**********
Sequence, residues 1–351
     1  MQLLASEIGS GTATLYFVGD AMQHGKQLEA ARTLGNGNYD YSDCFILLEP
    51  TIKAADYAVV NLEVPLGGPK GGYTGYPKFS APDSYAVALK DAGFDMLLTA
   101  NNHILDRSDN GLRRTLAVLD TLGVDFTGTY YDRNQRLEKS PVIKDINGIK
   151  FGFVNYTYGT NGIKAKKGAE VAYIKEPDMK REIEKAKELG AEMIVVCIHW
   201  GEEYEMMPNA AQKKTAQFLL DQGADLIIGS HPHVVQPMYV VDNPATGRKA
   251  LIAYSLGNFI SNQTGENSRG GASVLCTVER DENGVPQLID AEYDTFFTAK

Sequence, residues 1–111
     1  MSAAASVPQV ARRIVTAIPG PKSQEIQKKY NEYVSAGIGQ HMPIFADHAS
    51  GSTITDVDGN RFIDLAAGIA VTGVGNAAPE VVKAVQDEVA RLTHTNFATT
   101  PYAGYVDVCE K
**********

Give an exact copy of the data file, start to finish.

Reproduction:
Sequence, residues 1–351
     1  MQLLASEIGS GTATLYFVGD AMQHGKQLEA ARTLGNGNYD YSDCFILLEP
    51  TIKAADYAVV NLEVPLGGPK GGYTGYPKFS APDSYAVALK DAGFDMLLTA
   101  NNHILDRSDN GLRRTLAVLD TLGVDFTGTY YDRNQRLEKS PVIKDINGIK
   151  FGFVNYTYGT NGIKAKKGAE VAYIKEPDMK REIEKAKELG AEMIVVCIHW
   201  GEEYEMMPNA AQKKTAQFLL DQGADLIIGS HPHVVQPMYV VDNPATGRKA
   251  LIAYSLGNFI SNQTGENSRG GASVLCTVER DENGVPQLID AEYDTFFTAK

Sequence, residues 1–111
     1  MSAAASVPQV ARRIVTAIPG PKSQEIQKKY NEYVSAGIGQ HMPIFADHAS
    51  GSTITDVDGN RFIDLAAGIA VTGVGNAAPE VVKAVQDEVA RLTHTNFATT
   101  PYAGYVDVCE K